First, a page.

The Survivor Tree

In 2012, I went to ground zero in New York City with a friend and her family. As we walked around the recently opened 9/11 Memorial, I stopped to listen to a docent describe the “Survivor Tree”. It was discovered a month after the horrific attacks on September 11th and was the only living tree left. The tree now stands as a symbol of resilience, survival and rebirth.


Standing firmly in the ground, the tree looked totally normal. But I could envision Survivor Tree hanging on for dear life in the midst of so much devastation and it gave me immense hope. While we aren’t all dealing with massive destruction and devastation, we are all fighting our own internal battles. 


As you navigate the path of life including work, storms will meet you. At times it will feel like you’re left in the wake of an unexpected wave. You’ll be twisted up and your leaves will be pulled off. I can say for sure, the more you live into the last two lessons I shared, the more this will happen.


Think about this- 20% of a tree is it’s roots and if a large part of the root system is destroyed, parts of the tree’s branches and leaves will reflect that and die too. As we all know, the roots serve as an unseen feeding mechanism for the tree. No healthy roots, no healthy tree.


What do your roots look like? Some people cultivate gratitude to deeply enjoy the present moment. Others use their “why” as motivation no matter the challenge. For some, it’s a deeper connection to themselves (or something greater) through mindfulness practices like free writing, meditation, sitting quietly or prayer.Whatever that is for you, find a practice that will keep you grounded and steady. Let it live vibrantly under your feet, nourishing you. Remember- no root, no tree.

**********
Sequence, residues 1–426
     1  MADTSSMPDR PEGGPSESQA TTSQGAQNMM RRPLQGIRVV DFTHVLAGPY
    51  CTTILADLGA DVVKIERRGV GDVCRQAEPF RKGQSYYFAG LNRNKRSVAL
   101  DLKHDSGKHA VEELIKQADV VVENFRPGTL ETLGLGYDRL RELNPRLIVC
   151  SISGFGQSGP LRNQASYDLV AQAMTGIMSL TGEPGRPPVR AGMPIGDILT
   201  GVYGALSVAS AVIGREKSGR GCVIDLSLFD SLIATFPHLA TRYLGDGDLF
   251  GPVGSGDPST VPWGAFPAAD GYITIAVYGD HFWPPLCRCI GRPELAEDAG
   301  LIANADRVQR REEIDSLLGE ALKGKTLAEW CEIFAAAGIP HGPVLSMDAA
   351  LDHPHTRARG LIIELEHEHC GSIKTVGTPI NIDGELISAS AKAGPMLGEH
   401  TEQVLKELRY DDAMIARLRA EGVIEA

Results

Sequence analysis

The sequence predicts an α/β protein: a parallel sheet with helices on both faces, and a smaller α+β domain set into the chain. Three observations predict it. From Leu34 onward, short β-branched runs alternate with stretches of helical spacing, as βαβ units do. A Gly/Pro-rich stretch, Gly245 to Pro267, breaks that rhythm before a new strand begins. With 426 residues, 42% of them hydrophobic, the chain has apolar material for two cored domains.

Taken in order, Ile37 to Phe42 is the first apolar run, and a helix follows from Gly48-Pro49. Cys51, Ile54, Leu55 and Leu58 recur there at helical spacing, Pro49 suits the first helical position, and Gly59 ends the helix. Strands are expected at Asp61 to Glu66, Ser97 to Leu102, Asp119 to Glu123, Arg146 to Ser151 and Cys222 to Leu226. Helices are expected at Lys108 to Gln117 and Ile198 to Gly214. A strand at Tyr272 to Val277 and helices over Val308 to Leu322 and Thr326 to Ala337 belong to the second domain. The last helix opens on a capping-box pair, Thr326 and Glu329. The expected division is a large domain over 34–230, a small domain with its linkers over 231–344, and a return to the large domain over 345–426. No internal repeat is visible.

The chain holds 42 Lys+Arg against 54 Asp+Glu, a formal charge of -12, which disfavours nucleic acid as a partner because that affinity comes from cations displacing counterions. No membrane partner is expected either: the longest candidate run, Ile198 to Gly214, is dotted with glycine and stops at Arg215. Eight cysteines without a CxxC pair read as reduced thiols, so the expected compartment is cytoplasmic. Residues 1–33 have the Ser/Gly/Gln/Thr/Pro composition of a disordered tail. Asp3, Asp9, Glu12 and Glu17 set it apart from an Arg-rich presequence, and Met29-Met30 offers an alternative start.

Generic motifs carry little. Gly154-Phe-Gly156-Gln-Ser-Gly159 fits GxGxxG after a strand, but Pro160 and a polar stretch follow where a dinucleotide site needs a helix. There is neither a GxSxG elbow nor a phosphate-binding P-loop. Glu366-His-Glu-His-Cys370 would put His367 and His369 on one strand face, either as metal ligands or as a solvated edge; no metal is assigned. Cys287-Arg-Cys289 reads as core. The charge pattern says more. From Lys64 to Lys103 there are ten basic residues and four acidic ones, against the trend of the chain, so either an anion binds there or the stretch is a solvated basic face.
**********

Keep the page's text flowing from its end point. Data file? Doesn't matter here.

Time is easy to overlook, not to recoup. And 90,000 hours can seem both incomprehensible and infinite. While we know that’s not true, what it does create is space. Each moment we have the space to be more intentional and do things that create a sense of purpose and pride. We can choose to jump to the other side of fear, to follow our curiosities and to inspire ourselves. 


How will you spend the rest of your 90,000 hours?

The Thrive Global Community welcomes voices from many spheres. We publish pieces written by outside contributors with a wide range of opinions, which don’t necessarily reflect our own. Learn more or join us as a community member!
Share your comments below. Please read our commenting guidelines before posting. If you have a concern about a comment, report it here.

You might also like...

Community//

Managing Millennials: Six Musts For CEOs Who Want To Get Ahead

by Ashley Stahl
Community//

Managing Millennials: Six Musts For CEOs Who Want To Get Ahead

by Ashley Stahl
Community//

Your Next Career Move

by Katrina

Sign up for the Thrive Global newsletter

Will be used in accordance with our privacy policy.

Thrive Global
People look for retreats for themselves, in the country, by the coast, or in the hills . . . There is nowhere that a person can find a more peaceful and trouble-free retreat than in his own mind. . . . So constantly give yourself this retreat, and renew yourself.

- MARCUS AURELIUS

We use cookies on our site to give you the best experience possible. By continuing to browse the site, you agree to this use. For more information on how we use cookies, see our Privacy Policy.